Despite this, Alaira and Jake moved forward together, and soon Alaira gave birth to their first daughter. It was then that Alaira started thinking that maybe Jake’s behavior was more than just a bad temper. Though Jake wasn’t physically abusive or violent, he struggled in other ways, suffering from bad dreams and grappling with a deep sense that he wasn’t living the life he was meant to. He had survivor’s guilt, feeling guilty that he survived the bomb in Iraq when others didn’t. He found ways to escape reality—Alaira remembers “he was not really present”— and spent much of his time in solitude. Even his young daughters could sense something was wrong.
“There was this one day that [my daughter] asked if we could go on a walk, and she said, ‘It’s just going to be us because Dad’s not going to come with us anyway.’ She was 3. Even at her young age she was aware that there was something a little bit different with Dad. Those little things add up over time,” Alaira says.
And the little things did add up—so much so that one day, when Jake was angrily talking to his daughters, his brother reprimanded him. Alaira remembers her brother-in-law explaining to Jake that he was overreacting to very simple, childish things. “It wasn’t until then that Jake started realizing [his PTSD] was getting really bad,” Alaira says.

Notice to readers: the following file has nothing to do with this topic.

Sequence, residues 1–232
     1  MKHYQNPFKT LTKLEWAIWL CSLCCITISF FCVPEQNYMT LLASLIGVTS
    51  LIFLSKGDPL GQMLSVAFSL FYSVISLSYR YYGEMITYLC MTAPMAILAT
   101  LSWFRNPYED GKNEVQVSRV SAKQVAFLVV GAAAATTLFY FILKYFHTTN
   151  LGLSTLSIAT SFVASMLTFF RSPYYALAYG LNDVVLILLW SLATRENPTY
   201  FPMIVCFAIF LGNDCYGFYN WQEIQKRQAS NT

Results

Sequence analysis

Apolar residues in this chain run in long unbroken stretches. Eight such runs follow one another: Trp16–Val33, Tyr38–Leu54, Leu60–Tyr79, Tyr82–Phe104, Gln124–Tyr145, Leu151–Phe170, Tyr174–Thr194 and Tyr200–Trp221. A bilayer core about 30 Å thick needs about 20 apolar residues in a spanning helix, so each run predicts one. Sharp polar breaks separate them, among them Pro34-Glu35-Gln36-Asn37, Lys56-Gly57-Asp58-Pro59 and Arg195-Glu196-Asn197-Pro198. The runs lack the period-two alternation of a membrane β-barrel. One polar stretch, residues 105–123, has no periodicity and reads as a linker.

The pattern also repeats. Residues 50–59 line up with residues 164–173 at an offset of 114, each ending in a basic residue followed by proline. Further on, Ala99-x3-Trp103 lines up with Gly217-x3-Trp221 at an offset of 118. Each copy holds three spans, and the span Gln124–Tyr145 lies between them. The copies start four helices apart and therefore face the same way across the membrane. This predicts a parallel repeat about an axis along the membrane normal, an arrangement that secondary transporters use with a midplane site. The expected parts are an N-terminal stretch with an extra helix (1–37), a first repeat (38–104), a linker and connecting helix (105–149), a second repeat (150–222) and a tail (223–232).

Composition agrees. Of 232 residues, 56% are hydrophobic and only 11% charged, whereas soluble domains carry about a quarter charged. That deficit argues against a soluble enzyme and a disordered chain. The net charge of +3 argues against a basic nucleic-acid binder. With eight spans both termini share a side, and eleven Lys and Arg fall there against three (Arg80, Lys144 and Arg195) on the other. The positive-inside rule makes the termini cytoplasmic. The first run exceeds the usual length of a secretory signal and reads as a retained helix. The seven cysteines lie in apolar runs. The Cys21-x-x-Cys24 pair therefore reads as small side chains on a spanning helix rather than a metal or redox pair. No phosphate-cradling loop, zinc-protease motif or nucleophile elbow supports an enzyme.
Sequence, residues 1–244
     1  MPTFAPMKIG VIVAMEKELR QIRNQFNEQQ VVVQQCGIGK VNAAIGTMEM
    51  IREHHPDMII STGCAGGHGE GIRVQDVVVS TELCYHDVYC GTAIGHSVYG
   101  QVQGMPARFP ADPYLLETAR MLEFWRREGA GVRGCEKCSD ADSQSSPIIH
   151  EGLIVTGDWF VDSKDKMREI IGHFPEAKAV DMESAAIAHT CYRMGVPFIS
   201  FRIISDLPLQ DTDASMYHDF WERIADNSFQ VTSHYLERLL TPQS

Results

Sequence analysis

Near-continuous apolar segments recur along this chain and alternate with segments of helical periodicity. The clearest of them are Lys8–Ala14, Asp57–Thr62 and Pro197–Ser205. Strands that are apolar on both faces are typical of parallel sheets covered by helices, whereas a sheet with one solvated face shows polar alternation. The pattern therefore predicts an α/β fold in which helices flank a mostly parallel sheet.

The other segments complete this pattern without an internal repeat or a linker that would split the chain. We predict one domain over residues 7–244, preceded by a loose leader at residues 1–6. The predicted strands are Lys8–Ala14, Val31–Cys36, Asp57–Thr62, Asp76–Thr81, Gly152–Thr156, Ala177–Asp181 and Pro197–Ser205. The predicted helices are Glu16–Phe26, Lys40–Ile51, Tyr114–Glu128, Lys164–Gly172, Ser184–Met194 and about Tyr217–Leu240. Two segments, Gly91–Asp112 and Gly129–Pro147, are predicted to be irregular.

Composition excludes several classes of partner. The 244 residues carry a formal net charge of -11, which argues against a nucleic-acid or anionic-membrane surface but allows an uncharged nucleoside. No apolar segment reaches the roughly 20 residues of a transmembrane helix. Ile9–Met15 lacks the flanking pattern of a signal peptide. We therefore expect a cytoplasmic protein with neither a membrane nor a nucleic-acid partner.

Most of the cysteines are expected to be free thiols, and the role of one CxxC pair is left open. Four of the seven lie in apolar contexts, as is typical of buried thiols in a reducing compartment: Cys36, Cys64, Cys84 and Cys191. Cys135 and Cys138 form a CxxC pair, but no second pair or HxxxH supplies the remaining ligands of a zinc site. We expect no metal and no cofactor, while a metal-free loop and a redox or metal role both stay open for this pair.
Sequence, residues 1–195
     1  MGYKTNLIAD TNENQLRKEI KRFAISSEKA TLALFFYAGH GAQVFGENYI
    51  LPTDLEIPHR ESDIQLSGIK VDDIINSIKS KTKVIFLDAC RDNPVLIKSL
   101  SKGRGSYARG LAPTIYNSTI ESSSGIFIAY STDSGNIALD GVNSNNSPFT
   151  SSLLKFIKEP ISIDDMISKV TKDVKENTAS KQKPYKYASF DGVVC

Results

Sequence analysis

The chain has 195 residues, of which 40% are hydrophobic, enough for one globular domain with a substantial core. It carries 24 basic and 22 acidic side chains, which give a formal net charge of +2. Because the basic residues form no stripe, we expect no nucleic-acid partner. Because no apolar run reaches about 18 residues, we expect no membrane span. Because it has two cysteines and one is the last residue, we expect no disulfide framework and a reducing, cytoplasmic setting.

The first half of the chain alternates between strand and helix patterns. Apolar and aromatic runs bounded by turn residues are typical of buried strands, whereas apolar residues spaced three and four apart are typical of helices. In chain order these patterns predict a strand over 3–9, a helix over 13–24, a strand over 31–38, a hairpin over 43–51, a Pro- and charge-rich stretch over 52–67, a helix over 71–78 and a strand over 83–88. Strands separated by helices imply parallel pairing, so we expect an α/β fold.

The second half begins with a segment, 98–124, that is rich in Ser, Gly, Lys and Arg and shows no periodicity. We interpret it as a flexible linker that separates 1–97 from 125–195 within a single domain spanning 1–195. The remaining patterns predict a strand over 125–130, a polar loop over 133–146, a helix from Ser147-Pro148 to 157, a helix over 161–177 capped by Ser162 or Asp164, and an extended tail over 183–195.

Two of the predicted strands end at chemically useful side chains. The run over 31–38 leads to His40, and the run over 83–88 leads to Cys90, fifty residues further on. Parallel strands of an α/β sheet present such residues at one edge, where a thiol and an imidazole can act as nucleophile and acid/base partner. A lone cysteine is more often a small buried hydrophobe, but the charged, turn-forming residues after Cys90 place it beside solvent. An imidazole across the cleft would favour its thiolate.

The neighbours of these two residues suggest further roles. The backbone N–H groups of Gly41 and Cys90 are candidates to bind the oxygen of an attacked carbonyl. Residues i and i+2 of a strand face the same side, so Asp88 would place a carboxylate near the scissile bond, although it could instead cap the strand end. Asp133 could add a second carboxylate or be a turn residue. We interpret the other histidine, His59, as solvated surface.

Worried that if the military knew he had PTSD that it would limit Jake’s military career opportunities, he and Alaira decided to go to a confidential, non-medical counseling service offered through the military instead of a behavioral clinic. Unfortunately, for reasons Alaira can only guess now, Jake walked away feeling more depressed and discouraged.
Just a month after meeting with the counselor, seemingly overwhelmed with negative feelings about himself and his actions, Jake took his own life.
“I wish he could have seen that the brain is malleable. You can recover from those things. But I think—I think he just felt like it was a pointless effort to do that,” Alaira says.